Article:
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Having been an apartment renter and now currently a landlord, I've been on both sides regarding the issues of pets and rentals. One must keep in mind that each rental situation is different, each tenant is different, each landlord is different and each pet is different.

Landlords have no-pets clauses in their rental agreements to protect further damage to their rental property. Some landlords have stipulated pet-clauses, such as higher security deposits or limits on types and/or quantity of pets. In reference to reptiles, some landlords may not have a basic understanding or have a phobia.

The best case is obviously to find one that accepts pets. If so, make sure that is specifically written into the rental agreement, and not performed verbally. However, be aware that in cases of month-to-month rental agreements, landlords can at their discretion issue a 30-day notice to alter the rental agreement to exclude pets.

However, in some cases, landlords are specific in the type of pet allowed onto their property. Learn what kind of limits there are. If your type of pet is excluded, there is no harm in inquiring the reasoning. Perhaps the landlord may just need to be educated.

Finally, when there is a definite no-pets stated, you can still inquire. You can explain what pet you have. If the animal is enclosed, describe it's habitat. Landlords are primarily concerned with property damage and liability to the other tenants. Some may regard pets as an additional burden to land lording. It doesn't hurt the situation to inquire and explain matters to the tenant. If it's a definite "no-pets", then it's best to look elsewhere.

I personally wouldn't advise on sneaking pets into a situation where it's clearly stated "no-pets" in the rental agreement. Firstly, you would be clearly violating the lease; in this case, even if you are in a rent-control environment, you will still face the penalties. The landlord can react in several ways. There's the "3-Day Quit" where you receive a letter stating that you have to remove the animal or vacate the property. There's another situation where they can just give you a 30-day notice to vacate the property. Once you have violated the agreement, you have basically very little alternatives. If you're fortunate, the landlord may choose to work with you; in that case, offer your full cooperation.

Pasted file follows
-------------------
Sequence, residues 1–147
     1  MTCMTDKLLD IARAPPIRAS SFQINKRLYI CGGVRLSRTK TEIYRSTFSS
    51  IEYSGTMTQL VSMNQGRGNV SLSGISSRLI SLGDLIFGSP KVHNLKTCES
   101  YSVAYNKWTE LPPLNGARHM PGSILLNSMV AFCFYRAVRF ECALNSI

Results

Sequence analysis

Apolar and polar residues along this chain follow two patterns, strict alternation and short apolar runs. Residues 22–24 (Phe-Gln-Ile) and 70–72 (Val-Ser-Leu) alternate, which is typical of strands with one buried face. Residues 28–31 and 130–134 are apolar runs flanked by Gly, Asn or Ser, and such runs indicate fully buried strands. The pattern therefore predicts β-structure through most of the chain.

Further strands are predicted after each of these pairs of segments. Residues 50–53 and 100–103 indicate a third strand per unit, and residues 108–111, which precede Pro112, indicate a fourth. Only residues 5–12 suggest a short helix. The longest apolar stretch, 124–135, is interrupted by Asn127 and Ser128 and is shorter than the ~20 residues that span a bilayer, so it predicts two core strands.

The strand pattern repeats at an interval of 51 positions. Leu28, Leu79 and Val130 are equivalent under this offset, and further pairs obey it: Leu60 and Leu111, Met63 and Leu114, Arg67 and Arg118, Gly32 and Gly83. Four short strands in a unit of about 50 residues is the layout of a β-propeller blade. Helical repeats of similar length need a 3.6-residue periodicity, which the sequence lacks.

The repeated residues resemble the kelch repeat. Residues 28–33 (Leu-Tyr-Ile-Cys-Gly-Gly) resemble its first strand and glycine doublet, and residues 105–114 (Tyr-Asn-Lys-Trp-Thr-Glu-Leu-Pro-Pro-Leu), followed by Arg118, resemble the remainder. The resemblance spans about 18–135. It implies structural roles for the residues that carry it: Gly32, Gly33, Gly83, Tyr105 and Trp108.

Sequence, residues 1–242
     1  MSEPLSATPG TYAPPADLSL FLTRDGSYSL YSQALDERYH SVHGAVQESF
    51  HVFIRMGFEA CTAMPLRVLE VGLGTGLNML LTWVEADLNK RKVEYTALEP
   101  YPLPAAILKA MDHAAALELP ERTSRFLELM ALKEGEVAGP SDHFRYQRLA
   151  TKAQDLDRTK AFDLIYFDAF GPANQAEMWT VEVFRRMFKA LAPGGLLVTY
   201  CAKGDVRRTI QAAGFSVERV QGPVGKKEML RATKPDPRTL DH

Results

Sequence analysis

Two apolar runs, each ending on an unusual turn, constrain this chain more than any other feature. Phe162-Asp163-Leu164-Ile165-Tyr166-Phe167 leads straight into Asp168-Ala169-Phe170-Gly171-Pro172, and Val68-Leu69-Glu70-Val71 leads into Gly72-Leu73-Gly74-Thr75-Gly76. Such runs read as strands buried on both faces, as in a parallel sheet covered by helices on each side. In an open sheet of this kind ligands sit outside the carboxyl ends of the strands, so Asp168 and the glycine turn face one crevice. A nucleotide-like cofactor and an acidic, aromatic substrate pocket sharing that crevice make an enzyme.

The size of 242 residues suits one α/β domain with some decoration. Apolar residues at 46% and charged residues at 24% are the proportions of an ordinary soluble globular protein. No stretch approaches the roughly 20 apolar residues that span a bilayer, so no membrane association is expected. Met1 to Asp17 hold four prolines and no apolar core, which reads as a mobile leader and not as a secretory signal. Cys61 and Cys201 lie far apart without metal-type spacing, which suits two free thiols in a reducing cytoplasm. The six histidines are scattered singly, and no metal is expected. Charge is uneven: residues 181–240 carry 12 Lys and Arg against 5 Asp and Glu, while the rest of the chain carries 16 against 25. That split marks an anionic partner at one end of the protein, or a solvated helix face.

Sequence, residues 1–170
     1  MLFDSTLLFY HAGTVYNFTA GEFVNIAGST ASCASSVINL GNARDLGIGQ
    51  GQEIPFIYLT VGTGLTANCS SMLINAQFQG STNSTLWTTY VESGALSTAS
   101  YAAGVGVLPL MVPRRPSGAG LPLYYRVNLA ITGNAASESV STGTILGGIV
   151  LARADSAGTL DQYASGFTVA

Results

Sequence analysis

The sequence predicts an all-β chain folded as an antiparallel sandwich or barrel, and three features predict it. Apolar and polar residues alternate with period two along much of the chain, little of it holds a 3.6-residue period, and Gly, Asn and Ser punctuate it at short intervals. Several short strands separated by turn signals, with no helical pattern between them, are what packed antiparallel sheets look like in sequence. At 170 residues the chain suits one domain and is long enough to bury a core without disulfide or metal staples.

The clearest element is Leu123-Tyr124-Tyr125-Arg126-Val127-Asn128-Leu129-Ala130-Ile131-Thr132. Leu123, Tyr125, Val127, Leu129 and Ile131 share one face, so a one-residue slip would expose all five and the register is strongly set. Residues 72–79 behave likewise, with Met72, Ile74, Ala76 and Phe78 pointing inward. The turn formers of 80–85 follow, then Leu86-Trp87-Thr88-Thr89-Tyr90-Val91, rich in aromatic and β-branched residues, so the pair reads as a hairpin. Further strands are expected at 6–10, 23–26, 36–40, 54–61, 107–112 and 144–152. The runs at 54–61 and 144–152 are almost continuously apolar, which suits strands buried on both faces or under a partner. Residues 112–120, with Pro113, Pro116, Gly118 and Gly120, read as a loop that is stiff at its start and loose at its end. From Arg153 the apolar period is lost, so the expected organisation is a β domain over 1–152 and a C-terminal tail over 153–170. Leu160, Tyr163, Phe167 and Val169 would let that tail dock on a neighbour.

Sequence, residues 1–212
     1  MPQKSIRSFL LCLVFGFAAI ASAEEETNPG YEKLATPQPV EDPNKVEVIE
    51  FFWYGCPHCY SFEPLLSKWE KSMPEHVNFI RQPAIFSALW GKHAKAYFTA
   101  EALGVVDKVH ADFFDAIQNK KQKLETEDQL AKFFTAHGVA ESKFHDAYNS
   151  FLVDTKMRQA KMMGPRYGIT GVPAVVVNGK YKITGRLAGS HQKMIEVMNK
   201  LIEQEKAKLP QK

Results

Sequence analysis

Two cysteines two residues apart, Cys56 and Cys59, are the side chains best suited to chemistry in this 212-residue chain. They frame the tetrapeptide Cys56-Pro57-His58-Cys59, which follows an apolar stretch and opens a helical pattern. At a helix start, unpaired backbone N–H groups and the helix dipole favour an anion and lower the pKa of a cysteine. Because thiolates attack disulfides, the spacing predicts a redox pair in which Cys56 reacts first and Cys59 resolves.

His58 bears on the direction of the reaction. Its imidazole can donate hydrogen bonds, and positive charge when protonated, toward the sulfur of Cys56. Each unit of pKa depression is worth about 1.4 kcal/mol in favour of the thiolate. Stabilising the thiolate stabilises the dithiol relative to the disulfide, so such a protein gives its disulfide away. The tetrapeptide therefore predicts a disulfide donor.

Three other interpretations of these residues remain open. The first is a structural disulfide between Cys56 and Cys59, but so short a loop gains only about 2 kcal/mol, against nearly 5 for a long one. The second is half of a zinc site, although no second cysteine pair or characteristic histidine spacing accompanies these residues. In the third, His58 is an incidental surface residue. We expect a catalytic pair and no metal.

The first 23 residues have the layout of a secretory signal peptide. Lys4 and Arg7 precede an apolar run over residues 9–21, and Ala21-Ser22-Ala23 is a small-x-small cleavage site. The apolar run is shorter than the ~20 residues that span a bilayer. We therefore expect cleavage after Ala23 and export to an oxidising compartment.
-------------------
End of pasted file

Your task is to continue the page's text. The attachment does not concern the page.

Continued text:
Landlords need "full" access to the property, in cases of emergency. Landlords have the right to enter a unit without notice in cases of emergency. Typically, they should provide you with a written 24-hour notice. Changing locks can be a violation of your rental agreement.

Check the legalities of owning your animal in your area.


Renting with Pets - The online resource for rental managers and pet owners from the Humane Society of the United States.

Pets OK, L.A. - The weekly newsletter for pet-friendly rentals in the Los Angeles area.

TenantNet - The online resource for residential tenants. This site focuses on New York City and New York State, but information from other areas is also available.

petswelcome.com - A fantastic web site with listings of hotels, motels, apartments and other destinations that are pet friendly. They also have an Info Xchange board for posting information about your pet and/or travel, information about how to travel with your pet, and much more!







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